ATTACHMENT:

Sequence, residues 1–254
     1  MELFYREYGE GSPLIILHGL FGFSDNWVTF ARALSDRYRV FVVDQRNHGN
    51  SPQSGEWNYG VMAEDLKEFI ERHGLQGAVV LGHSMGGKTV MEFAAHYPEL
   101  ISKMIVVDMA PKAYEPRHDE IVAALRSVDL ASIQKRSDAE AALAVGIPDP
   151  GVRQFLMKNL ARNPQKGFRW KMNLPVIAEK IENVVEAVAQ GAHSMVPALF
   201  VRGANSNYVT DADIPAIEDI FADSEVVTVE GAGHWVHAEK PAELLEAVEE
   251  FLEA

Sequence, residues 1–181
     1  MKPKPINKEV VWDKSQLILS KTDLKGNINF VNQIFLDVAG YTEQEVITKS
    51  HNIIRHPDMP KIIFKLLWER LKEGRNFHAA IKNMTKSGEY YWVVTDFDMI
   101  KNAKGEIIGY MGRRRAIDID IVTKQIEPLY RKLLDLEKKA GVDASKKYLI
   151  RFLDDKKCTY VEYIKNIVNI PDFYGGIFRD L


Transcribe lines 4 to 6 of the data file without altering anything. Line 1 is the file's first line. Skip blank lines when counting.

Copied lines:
   101  ISKMIVVDMA PKAYEPRHDE IVAALRSVDL ASIQKRSDAE AALAVGIPDP
   151  GVRQFLMKNL ARNPQKGFRW KMNLPVIAEK IENVVEAVAQ GAHSMVPALF
   201  VRGANSNYVT DADIPAIEDI FADSEVVTVE GAGHWVHAEK PAELLEAVEE